Inaugurating the space during the city’s ever-burgeoning Art Week (22 February to 2 March)—centred on Frieze but also a whole host of offshoot fairs—are two showcases reflecting this holistic and dynamic thinking. While the Mother Tongues group show introduces the West Coast to much of Southern Guild’s illustrious roster, South African talent Zizipho Poswa’s Indyebo yakwaNtu (Black Bounty) stems from her time in residency at the Center for Contemporary Ceramics (CCC) at California State University Long Beach under the guidance of founder Tony Marsh, a respected experimental ceramicist in his own right. 

Poswa’s large-scale sculptures—produced using the institution’s especially large kilns—amplify elements of African beautification and ritual: precious metal jewellery, beadwork, hair combs and other typologies. The items are unusually produced by master craftspeople from across the continent upholding vernacular traditions and age-old techniques. “Drawing on Africa’s own mineral wealth, her people have created an immeasurable creative collection from which African men and women adorn themselves, resulting in a language of objects that has come to shape our identity,” the artist says.

Southern Guild’s other inaugural LA show spotlights South African talent Zizipho Poswa’s large-scale ceramic sculptures, which are fired in the especially large kilns at California State University Long Beach

Mother Tongue explores a similar preoccupation—the notion that both material and symbolic form can be used to express, distort and challenge established concepts—but on a macro scale. It’s a defining tenant of Southern Guild’s overall ethos. Most of the talents are responding to some aspect of their heritage through original, often code-switched, metaphysical vocabularies. Processes themselves can also carry the brunt of conveying a message. There is an almost anthropological but far less didactic and more self expressive undercurrent that ties the various works on view.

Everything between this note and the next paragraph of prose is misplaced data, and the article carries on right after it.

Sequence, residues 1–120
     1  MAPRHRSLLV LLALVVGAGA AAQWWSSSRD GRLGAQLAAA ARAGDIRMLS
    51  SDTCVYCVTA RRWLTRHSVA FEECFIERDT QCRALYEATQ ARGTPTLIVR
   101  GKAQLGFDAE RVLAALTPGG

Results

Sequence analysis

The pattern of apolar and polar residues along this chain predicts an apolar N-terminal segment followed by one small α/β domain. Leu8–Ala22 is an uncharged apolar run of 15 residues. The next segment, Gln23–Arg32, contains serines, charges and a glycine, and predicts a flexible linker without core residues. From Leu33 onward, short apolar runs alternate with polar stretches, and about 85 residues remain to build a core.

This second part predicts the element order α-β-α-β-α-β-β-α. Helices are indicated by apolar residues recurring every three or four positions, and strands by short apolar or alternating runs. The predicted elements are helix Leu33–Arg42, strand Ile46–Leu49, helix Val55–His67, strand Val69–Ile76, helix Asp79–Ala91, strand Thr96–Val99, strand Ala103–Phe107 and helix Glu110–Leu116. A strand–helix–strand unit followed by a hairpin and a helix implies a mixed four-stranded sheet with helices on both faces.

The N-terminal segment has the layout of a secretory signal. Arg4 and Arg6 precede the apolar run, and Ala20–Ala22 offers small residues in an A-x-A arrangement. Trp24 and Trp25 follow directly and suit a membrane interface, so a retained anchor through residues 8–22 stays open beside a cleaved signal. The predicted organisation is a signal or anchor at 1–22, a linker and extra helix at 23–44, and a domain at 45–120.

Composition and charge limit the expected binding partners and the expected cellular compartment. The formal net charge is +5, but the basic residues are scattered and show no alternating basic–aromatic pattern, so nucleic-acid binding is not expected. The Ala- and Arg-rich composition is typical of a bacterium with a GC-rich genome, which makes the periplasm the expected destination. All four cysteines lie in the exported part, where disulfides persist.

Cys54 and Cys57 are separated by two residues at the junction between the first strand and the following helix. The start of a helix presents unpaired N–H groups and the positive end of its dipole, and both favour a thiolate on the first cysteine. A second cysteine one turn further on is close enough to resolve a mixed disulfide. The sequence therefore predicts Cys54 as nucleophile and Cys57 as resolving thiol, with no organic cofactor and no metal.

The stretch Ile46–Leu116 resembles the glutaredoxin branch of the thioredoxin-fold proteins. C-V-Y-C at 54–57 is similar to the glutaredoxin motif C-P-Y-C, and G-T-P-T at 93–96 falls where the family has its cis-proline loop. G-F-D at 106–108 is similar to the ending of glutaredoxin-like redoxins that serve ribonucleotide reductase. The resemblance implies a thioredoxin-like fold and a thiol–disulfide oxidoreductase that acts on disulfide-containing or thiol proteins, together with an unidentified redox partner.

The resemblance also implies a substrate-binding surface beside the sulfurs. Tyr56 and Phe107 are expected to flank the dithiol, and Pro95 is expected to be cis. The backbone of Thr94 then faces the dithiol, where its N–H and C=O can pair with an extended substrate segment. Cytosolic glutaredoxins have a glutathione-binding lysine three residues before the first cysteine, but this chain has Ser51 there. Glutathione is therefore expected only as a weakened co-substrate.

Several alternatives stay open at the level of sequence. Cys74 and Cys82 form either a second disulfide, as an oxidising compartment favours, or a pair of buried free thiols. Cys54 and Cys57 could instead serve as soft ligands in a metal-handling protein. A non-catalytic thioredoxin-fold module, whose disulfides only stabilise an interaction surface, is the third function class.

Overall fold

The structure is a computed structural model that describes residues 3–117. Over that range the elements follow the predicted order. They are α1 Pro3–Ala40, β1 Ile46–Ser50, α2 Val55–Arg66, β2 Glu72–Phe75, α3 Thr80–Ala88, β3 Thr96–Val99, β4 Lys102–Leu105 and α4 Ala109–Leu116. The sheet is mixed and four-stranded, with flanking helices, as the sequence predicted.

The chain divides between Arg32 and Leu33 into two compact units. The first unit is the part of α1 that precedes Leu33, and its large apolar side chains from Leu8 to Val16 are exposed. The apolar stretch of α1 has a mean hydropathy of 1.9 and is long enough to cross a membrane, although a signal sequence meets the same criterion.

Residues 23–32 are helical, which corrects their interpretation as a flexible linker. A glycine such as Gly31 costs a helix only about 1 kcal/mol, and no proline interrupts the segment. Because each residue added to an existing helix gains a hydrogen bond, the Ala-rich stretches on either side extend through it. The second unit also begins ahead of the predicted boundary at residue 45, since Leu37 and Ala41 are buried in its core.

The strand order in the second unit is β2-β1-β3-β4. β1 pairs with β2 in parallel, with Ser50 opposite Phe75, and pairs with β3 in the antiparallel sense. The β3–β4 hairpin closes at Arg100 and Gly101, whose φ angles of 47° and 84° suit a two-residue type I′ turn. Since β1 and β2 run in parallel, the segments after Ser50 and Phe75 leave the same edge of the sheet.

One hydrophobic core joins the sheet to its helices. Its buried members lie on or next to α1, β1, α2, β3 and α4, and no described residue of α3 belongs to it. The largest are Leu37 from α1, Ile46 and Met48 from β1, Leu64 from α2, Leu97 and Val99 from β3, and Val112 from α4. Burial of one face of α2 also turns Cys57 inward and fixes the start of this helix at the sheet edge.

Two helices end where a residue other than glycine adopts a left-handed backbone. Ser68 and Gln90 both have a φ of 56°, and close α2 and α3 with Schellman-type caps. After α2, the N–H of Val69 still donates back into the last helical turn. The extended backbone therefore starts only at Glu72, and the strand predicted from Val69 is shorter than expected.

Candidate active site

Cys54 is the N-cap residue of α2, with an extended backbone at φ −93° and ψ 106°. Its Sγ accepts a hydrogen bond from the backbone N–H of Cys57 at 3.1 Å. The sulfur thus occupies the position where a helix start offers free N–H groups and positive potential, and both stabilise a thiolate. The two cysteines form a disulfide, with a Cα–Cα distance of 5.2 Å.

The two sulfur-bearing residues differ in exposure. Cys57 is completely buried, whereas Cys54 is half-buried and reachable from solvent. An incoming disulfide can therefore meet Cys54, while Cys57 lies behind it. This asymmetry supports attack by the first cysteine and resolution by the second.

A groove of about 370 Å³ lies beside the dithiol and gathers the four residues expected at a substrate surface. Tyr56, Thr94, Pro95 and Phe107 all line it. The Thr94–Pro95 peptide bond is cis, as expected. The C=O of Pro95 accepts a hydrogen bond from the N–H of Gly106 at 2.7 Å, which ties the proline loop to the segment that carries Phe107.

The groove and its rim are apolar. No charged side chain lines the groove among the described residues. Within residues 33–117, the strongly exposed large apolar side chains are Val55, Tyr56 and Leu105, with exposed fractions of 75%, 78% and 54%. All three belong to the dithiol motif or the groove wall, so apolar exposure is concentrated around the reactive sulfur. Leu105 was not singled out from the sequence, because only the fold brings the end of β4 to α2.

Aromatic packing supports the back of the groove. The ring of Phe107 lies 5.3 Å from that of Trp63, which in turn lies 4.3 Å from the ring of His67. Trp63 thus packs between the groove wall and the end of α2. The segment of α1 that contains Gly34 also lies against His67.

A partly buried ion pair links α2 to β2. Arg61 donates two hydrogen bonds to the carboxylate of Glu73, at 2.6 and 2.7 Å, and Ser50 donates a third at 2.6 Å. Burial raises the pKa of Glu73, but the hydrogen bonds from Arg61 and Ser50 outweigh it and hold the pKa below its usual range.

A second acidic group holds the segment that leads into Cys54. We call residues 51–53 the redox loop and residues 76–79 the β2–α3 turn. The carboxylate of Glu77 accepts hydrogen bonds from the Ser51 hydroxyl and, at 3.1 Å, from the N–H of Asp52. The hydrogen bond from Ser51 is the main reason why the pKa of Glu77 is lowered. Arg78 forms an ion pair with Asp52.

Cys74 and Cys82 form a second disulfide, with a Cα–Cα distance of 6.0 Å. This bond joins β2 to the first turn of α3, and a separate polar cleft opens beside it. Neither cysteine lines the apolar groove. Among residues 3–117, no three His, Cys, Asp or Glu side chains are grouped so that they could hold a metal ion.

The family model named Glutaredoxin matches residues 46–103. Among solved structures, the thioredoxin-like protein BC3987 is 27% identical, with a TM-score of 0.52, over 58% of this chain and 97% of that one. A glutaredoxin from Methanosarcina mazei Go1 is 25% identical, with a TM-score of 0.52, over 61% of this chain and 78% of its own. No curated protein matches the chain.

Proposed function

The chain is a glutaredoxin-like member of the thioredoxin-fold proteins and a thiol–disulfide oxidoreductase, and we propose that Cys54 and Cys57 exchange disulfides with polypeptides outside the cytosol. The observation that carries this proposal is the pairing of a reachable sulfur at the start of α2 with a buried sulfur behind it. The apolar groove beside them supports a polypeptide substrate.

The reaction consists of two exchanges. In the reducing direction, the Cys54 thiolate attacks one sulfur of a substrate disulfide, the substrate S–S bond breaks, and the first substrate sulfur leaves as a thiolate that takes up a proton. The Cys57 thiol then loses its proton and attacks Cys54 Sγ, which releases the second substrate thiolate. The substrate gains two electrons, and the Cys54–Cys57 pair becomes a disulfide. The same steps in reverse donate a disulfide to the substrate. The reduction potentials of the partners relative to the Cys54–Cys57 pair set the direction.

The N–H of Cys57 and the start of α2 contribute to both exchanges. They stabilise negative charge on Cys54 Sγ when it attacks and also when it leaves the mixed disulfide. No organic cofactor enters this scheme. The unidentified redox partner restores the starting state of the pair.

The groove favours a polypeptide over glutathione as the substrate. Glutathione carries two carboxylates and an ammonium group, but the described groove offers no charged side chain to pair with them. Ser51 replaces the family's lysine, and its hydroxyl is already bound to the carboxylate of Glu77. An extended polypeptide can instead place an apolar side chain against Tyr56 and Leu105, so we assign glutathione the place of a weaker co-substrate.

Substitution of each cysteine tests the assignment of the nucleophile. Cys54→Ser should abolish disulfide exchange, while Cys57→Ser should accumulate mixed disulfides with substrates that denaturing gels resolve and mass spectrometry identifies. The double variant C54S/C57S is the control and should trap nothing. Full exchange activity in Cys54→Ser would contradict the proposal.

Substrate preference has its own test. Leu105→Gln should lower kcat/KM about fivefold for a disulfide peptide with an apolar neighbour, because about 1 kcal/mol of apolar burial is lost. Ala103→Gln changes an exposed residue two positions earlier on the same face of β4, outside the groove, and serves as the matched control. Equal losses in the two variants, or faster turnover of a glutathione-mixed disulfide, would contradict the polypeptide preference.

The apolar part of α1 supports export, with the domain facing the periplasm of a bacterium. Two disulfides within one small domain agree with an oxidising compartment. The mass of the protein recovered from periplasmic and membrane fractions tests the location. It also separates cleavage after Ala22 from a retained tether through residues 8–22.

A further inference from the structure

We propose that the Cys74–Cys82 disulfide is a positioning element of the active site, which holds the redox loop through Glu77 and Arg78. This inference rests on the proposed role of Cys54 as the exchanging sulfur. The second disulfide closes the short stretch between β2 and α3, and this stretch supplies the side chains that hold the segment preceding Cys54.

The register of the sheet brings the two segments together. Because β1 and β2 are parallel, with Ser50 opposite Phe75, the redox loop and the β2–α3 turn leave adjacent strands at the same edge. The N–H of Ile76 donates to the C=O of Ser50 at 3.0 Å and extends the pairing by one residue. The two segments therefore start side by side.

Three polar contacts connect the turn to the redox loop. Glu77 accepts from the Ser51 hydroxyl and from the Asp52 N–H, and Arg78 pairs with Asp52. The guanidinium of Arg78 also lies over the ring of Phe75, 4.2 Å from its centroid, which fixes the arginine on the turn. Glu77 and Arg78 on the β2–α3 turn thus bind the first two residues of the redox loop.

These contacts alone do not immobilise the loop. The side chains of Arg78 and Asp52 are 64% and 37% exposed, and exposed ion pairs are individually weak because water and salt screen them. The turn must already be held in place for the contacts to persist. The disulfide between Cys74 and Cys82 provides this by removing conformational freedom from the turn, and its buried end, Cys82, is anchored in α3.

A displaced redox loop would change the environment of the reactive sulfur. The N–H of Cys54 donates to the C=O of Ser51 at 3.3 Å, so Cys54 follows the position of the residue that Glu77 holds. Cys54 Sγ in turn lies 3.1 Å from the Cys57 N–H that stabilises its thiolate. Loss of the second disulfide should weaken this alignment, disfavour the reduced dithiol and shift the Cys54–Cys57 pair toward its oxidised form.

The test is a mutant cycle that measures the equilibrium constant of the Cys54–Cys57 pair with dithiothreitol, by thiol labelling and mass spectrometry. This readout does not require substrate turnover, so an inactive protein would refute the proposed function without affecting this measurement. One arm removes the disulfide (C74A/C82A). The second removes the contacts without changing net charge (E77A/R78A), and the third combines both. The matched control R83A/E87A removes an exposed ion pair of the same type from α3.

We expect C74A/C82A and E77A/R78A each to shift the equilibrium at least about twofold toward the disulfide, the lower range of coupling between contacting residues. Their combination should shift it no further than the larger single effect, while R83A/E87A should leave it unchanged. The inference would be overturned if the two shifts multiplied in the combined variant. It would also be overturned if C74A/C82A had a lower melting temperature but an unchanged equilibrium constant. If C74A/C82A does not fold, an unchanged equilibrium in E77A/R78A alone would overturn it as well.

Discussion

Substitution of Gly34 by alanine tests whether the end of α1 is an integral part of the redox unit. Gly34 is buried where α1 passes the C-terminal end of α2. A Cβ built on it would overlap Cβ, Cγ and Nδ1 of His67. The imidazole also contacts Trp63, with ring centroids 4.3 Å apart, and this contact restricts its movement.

Congolese fibre artist Patrick Bongoy’s rubber wall hangings transmute the impermeable material with unexpected properties but also hint at, if not re-appropriate the byproducts of, insidious colonial extraction and exploitation. While Nigerian-British ceramicist Ranti Bam’s terracotta torso vessels skew what it means to hold language, Nigerian-Canadian artist Oluseye collects found objects and detritus from a trans-Atlantic journey, almost as if a psychographic recounting of the trip so many enslaved people had to endure.  

All in all, this complex offering reveals how Southern Guild’s exhibiting artists all transcend the limitations of palatably codified tradition, even subverting them at times, as reverence and conservation. 

How the meaning of these works reach a Californian audience has also been carefully considered, given the long exchange between the state’s established creative community and groups of like-minded South Africans escaping cultural oppression during Apartheid in the later half of the 20th century. What is revealed is that inevitably, there are universities that serve as points of contact for almost anyone. Visceral treatments of matter and shape—design, craft and material culture—invariably remain one of the most tangible and direct means of achieving this exchange. Conceptual ideation can be harnessed through relatable objects.

Both Mother Tongues and Indyebo yakwaNtu (Black Bounty) are on view until 26 April 2024 at Southern Guild Los Angeles.

Read more: Collectible Design | Design | Gallery | Los Angeles | South Africa | Southern Guild | USA